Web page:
Concorde died because it was too expensive to operate. You can make a good argument that the project was doomed from the outset, because it was launched before the technology for efficient and affordable supersonic flight existed.
Today we have the technology for much faster flights at the same price as subsonic business class. This matters because while business class is just 10% of seats, it represents nearly half of international airline revenue and the majority of profits. (This is why we keep getting better amenities in business class and less legroom in economy.)
A round-trip ticket NY/London on Concorde cost about $20,000 (2016 dollars), fundamentally driven by poor fuel economy. At that price, this is a bucket list item for most of us — not practical transportation. Concorde had 100 seats and often flew with just 25% filled. It operated profitably on just a single route and only 14 entered service. A lack of economy of scale put further pressure on ticket prices, as it is tremendously expensive to maintain a small fleet of specialized aircraft.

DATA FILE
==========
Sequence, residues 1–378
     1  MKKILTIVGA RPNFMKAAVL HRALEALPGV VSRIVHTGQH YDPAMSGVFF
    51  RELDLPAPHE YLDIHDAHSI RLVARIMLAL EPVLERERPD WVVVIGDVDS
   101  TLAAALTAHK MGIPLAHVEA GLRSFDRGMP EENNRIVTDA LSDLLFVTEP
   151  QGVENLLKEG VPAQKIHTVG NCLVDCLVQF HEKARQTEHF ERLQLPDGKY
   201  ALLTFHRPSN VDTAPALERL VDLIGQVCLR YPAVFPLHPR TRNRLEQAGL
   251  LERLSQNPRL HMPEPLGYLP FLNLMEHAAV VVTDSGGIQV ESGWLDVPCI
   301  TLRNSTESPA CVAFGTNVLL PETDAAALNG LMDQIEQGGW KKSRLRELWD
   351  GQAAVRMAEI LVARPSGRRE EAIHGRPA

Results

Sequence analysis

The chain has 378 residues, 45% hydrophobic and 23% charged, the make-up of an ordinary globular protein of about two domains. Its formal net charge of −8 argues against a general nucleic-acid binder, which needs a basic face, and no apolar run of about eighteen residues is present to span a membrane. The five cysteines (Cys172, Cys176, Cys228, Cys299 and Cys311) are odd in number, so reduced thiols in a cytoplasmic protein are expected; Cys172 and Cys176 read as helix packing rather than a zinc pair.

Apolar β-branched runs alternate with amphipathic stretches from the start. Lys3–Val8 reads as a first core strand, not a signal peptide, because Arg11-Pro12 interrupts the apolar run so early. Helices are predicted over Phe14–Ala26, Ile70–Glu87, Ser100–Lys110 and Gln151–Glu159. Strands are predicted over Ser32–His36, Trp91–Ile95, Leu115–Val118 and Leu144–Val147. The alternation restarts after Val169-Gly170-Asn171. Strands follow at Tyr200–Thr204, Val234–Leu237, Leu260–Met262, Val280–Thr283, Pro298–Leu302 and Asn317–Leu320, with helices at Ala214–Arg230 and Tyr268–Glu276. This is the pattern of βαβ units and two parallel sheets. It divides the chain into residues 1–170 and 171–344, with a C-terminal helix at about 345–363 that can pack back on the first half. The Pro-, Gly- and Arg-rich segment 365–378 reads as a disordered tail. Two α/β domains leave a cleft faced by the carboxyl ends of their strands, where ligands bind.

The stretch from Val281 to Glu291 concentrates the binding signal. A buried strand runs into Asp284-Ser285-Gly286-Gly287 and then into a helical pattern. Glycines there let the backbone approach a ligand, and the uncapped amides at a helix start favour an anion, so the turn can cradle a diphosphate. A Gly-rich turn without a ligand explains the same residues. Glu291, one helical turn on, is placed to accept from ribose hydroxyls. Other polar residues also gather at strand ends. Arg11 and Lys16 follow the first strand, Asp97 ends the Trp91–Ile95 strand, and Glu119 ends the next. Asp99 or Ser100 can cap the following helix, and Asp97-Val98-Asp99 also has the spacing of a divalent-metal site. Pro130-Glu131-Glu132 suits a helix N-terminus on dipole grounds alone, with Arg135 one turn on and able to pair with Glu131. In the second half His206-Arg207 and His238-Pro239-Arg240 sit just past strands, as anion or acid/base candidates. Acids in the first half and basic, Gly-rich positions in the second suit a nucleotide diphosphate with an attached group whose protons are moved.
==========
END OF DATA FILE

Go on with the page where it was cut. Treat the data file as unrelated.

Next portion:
To build a mainstream supersonic aircraft, one must (1) improve the fuel economy so that tickets can be affordable to more people and (2) right-size the airplane so that airlines can fill seats on many routes, achieving economy of scale.
Fast forward half a century. Today we have better aerodynamics, materials, and engines. A seat on the Boom aircraft gets the same gas mileage as a lay-flat bed in subsonic business class. Business class lay-flat beds are big and heavy, consuming extra fuel — but when flights are shorter a flying bed isn’t needed — one can enjoy a real bed instead.
Since we’re able to match the pricing of subsonic business class, we’ve put 45 seats on the airplane, about the size of the premium cabin in subsonic widebody aircraft. It’s often said that Concorde had too few seats. The opposite is true: the higher the prices, the lower the demand, and the lower the appropriate seat count.
From a route perspective, there are over 500 routes where Boom aircraft can operate profitably. Here is a visualization of viable routes for a Mach 2.2 commercial aircraft, with the darker lines representing the more trafficked routes: